Every state has its risks, and Connecticut is no different. Sure, we have picturesque towns and quaint seaside villages. Not to mention a plethora of hiking trails, camping grounds, and picnic areas that will leave you speechless. But we also have some risks to consider if you want to make this your permanent home.
1. Extreme weather patterns.
Connecticut has flooding, hurricanes, snow storms, and scorching summer days. So you'll need to be prepared to deal with it from season to season. Especially if you have kids and you're used to nice weather on Halloween. They'll want to show off their costume but you'll have to wrangle them into a winter coat.
2. Cost of living.
Try not to cry when your tank hits empty. Everything in Connecticut is expensive, which is pretty upsetting because a large amount of the state's wealth actually comes from folks who work in New York. That's why Fairfield County isn't so beloved.
If the everyday cost wasn't bad enough, most locals will agree that the taxes in this state are borderline outrageous. Jokes and fears about what they're going to tax next are constantly coming up over dinner, so tax season is just a generally gloomy time here.
4. Driving stinks.
The commuter traffic is just horrendous, especially when you're dealing with two lane highways. And in small towns you have to deal with winding back roads and poorly marked streets. That can mean a lot of effort just to drop your kid off at a birthday party.
5. Snow days are rare.
Whether you're a businessman looking for an excuse to work from home or a student who really didn't want to give that presentation today, Connecticut has mastered the art of snow removal. So don't get your hopes up every time the weather channel says storm. The roads will likely be cleared.
After John Rowland, Philip Giordano, Joe Ganim and Ernie Newton, Connecticut was nicknamed "Corrupticut" in the papers. But we've been doing better the last decade in scrutinizing candidates. Though that doesn't necessarily mean the residents are happy with their representatives.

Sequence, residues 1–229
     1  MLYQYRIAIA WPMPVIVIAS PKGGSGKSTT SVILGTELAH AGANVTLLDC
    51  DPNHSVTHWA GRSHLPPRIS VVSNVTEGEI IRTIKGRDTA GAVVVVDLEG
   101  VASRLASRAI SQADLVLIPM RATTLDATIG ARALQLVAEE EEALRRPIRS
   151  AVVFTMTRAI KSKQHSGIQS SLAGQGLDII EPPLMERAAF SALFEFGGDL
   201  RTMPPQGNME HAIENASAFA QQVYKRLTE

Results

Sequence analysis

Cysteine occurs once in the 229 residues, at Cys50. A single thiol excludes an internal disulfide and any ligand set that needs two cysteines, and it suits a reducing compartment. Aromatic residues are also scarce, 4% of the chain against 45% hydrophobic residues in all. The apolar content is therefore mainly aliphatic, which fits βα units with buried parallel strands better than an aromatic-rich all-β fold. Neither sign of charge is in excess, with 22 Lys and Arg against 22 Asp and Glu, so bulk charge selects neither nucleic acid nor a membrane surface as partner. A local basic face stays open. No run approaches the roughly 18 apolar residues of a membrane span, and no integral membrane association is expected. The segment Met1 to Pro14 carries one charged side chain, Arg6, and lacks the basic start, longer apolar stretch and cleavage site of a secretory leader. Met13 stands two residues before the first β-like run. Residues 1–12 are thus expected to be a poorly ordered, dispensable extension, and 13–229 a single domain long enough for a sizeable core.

7. High population density.
Unless you live on a farm or can afford a large plot of land, chances are you live pretty close to your neighbors. In some towns, driveways are shared, which creates little clusters. But those clusters are distanced from other clusters. On Halloween, handing out candy is the responsibility of a few select streets where the driveways are shorter and houses are easier to access.
8. It gets boring.
Sure, there's a lot to look at, but what does one do after they've visited all the museums? Most people retreat to nearby New York City or Boston. If you grow up here, you've usually been to most of the attractions by your teens.
9. The economic divide.
It's hard to ignore in Connecticut, and can make you feel quite guilty. In one county, there can be the richest and the poorest, the highest performing schools and the lowest. This state doesn't share too well across town lines which leaves some communities in a pinch.
10. The biggest risk is falling in love.
Many people joke about loving Connecticut "for some odd reason." The truth is that every state has its flaws, but much like rooting for a losing sports team, your loyalty lies where it lies. The beautiful landscapes are hard to part with, and people will pay the price (literally) to remain a Nutmegger for life. The people are friendly, but no one is without faults, and Connecticut will likely continue to shine as one of the greatest states in the country. So don't feel bad if this place is your home. It's mine too!
Many folks still believe Connecticut is the bee’s knees. What do you think?